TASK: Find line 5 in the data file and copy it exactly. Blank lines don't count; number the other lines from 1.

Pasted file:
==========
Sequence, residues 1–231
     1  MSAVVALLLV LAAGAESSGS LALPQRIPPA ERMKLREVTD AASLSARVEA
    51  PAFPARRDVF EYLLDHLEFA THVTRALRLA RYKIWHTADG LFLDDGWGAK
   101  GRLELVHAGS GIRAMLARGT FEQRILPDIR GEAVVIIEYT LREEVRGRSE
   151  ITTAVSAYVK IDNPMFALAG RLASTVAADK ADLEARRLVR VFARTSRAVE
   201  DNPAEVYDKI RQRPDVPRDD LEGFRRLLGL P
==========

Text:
   151  ITTAVSAYVK IDNPMFALAG RLASTVAADK ADLEARRLVR VFARTSRAVE